Full details about the programme are here

Published in Youth Sailing

With the loss of the key cruiser-racer events in 2020 Irish Cruiser Racing Association (ICRA) Commodore Richard Colwell says the association is unable to award its annual Boat of the Year prize.

As well as its own ICRA National Championships, June's Round Ireland Race, July's Cork Week, September's Wave Regatta and WIORA in Tralee were among some of the big casualties in the Irish sailing scene due to COVID. 

ICRA is expected to a new schedule of events for its Boat of the Year Award early in 2021 even though the body has already made a pre-emptive move and rescheduled its 2021 National Championships from May to September as Afloat reported here.

"Hopefully, 2021 will shape up to be a normal season, albeit a "new normal", Colwell says.

Published in ICRA
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After cancelling its 2020 championships twice, the Irish Cruiser Racing Association (ICRA) has now seen fit to move the dates of its 2021 National Championships from May to September next year because of the continuing threat of COVID-19.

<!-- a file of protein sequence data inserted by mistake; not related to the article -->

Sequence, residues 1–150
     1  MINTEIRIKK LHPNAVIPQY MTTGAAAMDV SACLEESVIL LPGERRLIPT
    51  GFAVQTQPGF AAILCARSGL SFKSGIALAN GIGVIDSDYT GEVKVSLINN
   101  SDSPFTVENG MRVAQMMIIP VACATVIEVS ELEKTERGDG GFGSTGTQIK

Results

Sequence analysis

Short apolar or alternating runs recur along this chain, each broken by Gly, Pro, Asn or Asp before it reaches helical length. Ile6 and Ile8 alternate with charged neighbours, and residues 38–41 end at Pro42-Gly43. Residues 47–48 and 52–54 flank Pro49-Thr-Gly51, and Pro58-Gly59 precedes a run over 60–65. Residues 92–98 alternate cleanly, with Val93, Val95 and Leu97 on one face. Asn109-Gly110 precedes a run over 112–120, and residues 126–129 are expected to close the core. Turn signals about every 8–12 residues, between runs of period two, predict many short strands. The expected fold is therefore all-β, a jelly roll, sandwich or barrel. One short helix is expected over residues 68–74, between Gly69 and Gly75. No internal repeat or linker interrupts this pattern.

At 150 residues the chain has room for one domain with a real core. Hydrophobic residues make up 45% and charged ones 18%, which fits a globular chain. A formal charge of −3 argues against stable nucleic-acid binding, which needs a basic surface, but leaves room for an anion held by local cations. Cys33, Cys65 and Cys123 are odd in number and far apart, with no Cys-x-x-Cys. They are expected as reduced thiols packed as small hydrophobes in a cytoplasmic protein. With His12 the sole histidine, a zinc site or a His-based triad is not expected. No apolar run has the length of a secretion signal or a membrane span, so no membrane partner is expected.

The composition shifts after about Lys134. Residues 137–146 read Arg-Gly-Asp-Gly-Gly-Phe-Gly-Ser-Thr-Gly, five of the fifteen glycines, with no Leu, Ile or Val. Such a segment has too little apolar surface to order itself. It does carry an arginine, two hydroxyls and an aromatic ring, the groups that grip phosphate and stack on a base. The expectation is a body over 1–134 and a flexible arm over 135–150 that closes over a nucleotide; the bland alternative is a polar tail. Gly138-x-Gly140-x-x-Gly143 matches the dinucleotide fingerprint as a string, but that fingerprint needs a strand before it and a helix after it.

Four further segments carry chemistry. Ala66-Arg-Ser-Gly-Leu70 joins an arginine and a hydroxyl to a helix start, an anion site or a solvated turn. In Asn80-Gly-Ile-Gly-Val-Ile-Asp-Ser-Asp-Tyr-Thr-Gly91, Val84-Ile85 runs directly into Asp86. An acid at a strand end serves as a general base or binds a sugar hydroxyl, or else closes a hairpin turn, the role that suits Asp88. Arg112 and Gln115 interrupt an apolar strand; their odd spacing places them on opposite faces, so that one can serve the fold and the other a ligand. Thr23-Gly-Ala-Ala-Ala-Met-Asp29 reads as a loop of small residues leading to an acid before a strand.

In a statement issued this afternoon, Commodore Richard Colwell, said "It is now evident that the continued impact of Covid-19 will be felt well into 2021. With that in mind, ICRA was conscious of a need to provide as much time as possible to try and ensure that a National Championship does take place in 2021".

As such, ICRA says it has worked with Dun Laoghaire Harbour's National Yacht Club, the 2021 hosts of the event, to rearrange the National Championship dates from its original date in late May, to an alternative date in early September 2021.

The change also removes an unfortunate clash with the Scottish Series that occurred with the former date, as Afloat reported here.

The new dates for next year's ICRA National Championships are September 3rd - 5th 2021.

In 2020, it was originally planned to race the ICRA Nationals as part of Cork Week and RCYC's 300th celebrations and when that July date was cancelled, ICRA opted to race as part of Septembers' rescheduled Wave Regatta which in turn was axed at Howth also due to COVID leaving the championships not sailed for the first time in its 18-year-history.

Published in ICRA
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ICRA Commodore Richard Colwell on the cancellation of the 2020 Championships planned as part of Wave Regatta 2020